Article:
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Chronic water shortages spur innovation in Cyprus



A cost-effective, decentralised system in Cyprus that enables individual households to reuse their spent water offers dramatic fresh water savings to the drought-stricken country.

Water has always been a valuable commodity in Cyprus. But droughts of increasing frequency and intensity have left the island struggling, more than ever, to meet growing and competing water demands. The European Environment Agency’s Water Exploitation Index, which measures how much pressure a country’s water demand puts on its water resources, currently ranks Cyprus at the top of its list.

Following a long, bullish period of public works projects directed toward the construction of new dams and reservoirs – the island currently has 108 – the Cypriot government is now building several desalinisation plants to meet freshwater needs. But the country is also starting to pursue water conservation, and other demand-side measures, at the domestic level.

These ‘soft path’ approaches – which aim to improve the productivity of water use, rather than seek out new sources – are also benefiting from technological innovation. This is partly thanks to Hydranos, a Nicosia-based water recycling company which has developed an innovative, decentralised system to treat and recycle household ‘grey water,’ called Cyprobell. Grey water is the wastewater generated by all domestic activities – showers, sinks, washing machines, etc. – excluding wastewater from toilets. It represents 45% of most households’ water consumption.

Newly generated grey water is not nearly as foul as ‘black water’ – the heavily polluted water from toilets. However, if not treated properly, it can become unsuitable for any purpose, so the Cyprobell system passes all grey water through a compact water treatment unit on the premises.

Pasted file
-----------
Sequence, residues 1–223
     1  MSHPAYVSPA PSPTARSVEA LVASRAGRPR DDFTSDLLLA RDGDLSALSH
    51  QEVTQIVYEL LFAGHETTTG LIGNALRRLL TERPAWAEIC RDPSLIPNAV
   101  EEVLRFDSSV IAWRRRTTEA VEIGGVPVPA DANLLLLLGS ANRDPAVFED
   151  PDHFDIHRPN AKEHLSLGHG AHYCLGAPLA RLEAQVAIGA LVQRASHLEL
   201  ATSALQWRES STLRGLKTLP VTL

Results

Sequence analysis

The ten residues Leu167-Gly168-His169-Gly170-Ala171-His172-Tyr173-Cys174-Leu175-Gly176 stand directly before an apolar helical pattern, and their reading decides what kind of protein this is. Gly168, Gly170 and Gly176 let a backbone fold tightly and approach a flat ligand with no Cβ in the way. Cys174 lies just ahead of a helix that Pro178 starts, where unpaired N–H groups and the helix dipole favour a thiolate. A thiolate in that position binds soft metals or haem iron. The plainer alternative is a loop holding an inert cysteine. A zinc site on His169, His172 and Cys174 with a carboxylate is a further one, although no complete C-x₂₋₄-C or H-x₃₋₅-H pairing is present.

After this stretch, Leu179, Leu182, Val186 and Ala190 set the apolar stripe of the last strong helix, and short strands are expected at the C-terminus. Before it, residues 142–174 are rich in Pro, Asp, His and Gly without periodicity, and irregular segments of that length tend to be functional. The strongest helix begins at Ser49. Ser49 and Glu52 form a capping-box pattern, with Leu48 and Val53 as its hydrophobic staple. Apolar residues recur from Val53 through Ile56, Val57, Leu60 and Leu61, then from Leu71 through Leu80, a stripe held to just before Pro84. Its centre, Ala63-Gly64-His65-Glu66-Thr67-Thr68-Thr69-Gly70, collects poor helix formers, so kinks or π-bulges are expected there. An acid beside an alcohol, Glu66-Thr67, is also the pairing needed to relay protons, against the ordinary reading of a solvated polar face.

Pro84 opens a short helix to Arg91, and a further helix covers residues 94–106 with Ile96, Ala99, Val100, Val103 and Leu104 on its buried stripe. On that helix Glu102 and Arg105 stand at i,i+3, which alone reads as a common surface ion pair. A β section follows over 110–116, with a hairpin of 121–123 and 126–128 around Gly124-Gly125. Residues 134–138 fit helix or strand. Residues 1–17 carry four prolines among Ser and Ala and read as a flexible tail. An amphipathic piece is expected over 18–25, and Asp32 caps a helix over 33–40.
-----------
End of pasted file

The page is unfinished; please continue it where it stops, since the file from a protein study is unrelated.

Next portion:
The treated effluent then passes to a holding tank where it can be used for flushing toilets and local irrigation, which, respectively, account for 28% and 14% of typical household water consumption. Since flushing toilets and irrigation do not require potable water, reusing grey water to fulfil these functions can nearly halve per capita water consumption.

Because grey water makes up a large percentage of household wastewater streams, the Cyprobell system helps reduce strain on septic systems and treatment plants. The system also supports vegetation that would otherwise require irrigation from valuable potable water supplies. In addition, it reclaims plant nutrients contained within effluent, and helps contribute to groundwater recharge.

The system is as cheap as it is ecologically beneficial – since 2009, the Cypriot government has subsidised the installation of Cyprobell systems by €3 000 – 75% of the cost. Hydranos also receives financial support from the European Commission’s CIP Eco-Innovation Programme to assist in its expansion efforts across the island. If used widely, Cyprobell will help Cyprus meet the challenges of sustainable water management.

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